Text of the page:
Maggie's Gartnavel opened on Monday and is the second in Glasgow, located on top of a hill at Gartnavel General Hospital.
The building comprises a sequence of L-shaped, interlocking rooms around a landscaped courtyard.
Glazed walls afford views of the surrounding trees, planted in glades according to a design by Lily Jencks, daughter of Maggie’s founders Maggie Keswick Jencks and Charles Jencks.
Visitors to the OMA/Progress exhibition can walk over a 1:1 plan of the building in the Barbican's sculpture gallery. See visuals of the building that were produced at the start of its construction in our story from November 2010.
Maggie’s was founded fifteen years ago to provide support to anyone affected by cancer and they now have 15 centres around the UK, including the London facility by Rogers Stirk Harbour + Partners that was awarded the 2009 Stirling Prize.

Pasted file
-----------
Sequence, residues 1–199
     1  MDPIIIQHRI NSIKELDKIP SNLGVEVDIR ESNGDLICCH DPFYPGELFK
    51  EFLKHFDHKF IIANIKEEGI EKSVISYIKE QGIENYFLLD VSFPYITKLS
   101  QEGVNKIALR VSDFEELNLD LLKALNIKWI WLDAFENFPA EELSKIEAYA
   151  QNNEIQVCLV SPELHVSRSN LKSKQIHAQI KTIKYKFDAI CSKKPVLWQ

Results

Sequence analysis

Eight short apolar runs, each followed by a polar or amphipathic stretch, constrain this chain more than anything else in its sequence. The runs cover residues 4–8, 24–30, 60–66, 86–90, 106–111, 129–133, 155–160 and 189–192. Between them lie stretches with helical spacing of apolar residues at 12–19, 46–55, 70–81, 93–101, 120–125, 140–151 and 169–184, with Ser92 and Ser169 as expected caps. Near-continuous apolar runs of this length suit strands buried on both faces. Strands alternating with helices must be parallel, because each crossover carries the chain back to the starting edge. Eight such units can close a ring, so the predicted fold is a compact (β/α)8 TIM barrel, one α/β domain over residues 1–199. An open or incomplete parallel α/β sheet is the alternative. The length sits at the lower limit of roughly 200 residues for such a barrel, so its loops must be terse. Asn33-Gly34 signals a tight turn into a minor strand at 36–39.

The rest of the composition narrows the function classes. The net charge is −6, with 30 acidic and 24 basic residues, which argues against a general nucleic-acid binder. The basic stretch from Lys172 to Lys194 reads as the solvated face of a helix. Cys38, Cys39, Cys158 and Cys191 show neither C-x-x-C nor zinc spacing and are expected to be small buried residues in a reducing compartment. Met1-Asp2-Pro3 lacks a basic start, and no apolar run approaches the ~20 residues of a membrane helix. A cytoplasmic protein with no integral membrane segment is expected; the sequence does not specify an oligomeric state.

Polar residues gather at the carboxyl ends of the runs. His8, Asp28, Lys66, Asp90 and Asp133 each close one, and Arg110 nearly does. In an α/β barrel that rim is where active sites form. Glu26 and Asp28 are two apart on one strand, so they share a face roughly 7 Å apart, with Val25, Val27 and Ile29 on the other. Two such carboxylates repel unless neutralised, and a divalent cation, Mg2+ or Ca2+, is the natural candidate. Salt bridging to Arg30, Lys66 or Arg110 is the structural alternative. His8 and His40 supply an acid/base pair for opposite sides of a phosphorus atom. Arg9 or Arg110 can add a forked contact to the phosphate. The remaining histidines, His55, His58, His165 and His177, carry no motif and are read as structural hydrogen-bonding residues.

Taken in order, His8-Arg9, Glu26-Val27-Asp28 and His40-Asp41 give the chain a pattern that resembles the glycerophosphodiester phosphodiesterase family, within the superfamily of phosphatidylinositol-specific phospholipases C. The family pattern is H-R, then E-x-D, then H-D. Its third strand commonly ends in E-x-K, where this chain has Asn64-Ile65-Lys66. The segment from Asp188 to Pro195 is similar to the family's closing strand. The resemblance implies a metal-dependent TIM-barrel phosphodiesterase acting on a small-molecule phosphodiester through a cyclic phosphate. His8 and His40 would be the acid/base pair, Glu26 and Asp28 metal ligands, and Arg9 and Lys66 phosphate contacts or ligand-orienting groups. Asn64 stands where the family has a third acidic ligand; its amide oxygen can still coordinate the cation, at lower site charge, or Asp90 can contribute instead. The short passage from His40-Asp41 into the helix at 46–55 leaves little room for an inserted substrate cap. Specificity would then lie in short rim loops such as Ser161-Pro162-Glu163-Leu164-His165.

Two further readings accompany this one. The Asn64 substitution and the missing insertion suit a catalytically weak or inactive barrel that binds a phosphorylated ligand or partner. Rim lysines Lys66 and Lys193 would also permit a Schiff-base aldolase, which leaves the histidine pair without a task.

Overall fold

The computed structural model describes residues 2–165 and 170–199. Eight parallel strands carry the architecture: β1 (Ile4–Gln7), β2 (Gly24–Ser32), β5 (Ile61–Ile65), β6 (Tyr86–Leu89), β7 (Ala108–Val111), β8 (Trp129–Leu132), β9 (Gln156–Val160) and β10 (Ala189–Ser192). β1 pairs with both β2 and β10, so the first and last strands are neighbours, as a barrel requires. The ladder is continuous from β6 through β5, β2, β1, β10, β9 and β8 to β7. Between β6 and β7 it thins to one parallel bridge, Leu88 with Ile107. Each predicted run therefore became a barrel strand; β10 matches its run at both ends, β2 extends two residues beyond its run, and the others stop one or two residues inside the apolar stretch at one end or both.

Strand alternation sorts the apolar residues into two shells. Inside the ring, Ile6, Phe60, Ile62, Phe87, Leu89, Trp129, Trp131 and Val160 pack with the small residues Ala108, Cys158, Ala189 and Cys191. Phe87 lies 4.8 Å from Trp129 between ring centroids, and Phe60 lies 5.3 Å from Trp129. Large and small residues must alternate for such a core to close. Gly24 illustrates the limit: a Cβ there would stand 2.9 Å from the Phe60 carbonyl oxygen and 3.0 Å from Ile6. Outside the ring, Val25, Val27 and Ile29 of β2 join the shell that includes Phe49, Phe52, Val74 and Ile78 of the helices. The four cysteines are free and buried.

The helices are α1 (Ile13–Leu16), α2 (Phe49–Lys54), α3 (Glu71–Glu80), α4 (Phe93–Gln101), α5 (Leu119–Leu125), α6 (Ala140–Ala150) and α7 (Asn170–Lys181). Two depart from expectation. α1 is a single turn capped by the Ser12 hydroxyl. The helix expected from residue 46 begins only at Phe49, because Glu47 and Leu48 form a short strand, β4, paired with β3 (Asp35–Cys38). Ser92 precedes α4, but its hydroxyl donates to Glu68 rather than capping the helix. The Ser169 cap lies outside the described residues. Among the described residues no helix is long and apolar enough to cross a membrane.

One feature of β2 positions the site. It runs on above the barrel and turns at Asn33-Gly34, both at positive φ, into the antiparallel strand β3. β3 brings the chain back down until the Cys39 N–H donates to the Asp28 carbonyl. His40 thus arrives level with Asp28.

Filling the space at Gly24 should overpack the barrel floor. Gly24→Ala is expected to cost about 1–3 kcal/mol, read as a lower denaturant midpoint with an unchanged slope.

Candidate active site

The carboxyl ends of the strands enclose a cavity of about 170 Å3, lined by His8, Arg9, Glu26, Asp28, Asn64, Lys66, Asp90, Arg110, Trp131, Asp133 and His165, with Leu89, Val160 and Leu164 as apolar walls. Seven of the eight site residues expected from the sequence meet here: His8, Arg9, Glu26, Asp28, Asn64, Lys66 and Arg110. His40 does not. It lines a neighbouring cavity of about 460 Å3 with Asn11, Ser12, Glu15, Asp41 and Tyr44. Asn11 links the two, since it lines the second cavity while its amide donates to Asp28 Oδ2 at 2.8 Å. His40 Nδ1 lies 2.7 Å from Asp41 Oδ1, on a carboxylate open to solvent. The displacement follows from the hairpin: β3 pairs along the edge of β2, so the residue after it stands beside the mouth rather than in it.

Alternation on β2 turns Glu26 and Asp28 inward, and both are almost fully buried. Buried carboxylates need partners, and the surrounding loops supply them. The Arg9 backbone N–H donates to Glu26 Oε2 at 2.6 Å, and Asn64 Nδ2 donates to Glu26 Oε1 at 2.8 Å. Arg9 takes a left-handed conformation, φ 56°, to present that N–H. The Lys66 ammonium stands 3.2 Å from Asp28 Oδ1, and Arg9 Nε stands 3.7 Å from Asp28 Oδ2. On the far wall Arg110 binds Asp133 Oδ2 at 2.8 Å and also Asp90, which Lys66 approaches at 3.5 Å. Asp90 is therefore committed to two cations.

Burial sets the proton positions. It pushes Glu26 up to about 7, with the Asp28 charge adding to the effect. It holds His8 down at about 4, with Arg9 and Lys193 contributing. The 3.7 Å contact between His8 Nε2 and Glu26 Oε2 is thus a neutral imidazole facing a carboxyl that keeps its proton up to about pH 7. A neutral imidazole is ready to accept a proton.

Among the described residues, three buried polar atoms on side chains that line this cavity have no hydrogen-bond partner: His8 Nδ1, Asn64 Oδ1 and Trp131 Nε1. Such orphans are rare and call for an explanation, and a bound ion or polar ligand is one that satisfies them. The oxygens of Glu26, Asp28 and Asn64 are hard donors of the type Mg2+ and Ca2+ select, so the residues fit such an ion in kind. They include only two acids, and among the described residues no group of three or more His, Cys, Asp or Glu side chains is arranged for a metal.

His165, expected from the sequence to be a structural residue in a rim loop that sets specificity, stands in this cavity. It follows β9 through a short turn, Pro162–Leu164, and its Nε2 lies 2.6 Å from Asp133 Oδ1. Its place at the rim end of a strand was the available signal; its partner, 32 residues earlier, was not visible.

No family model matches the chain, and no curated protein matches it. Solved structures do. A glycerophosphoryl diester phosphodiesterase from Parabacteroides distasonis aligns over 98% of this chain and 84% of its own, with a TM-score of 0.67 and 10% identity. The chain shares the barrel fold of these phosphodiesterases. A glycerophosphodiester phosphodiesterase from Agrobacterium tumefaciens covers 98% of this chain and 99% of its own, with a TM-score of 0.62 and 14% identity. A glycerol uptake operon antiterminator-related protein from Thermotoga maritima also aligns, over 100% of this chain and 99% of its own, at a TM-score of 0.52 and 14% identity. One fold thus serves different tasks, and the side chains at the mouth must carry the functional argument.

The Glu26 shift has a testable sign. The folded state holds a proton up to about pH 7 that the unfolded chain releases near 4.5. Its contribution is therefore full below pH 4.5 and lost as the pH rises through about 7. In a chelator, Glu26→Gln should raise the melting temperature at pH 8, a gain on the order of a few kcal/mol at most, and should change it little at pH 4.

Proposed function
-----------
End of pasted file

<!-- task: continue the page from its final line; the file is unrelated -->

See all our stories about Maggie's Centres here.
Photographs are by Philippe Ruault.
Here are some more details from Maggie's:
Pioneering cancer caring charity Maggie’s open their eighth centre in the UK, Maggie’s Gartnavel – the first of three new Maggie’s Centres set to open before the end of the year.
The building is funded by grant making charity Walk the Walk from some of the money raised at The MoonWalk Edinburgh, providing a much needed second Maggie’s Centre in Glasgow to serve the west of Scotland’s cancer population – an area with a high incidence of cancer. The centre acknowledges the support from the tens of thousands of women and men who have taken part in The MoonWalk Edinburgh, Power Walking a half or full marathon in brightly decorated bras over the past six years, throughan engraving on the front door.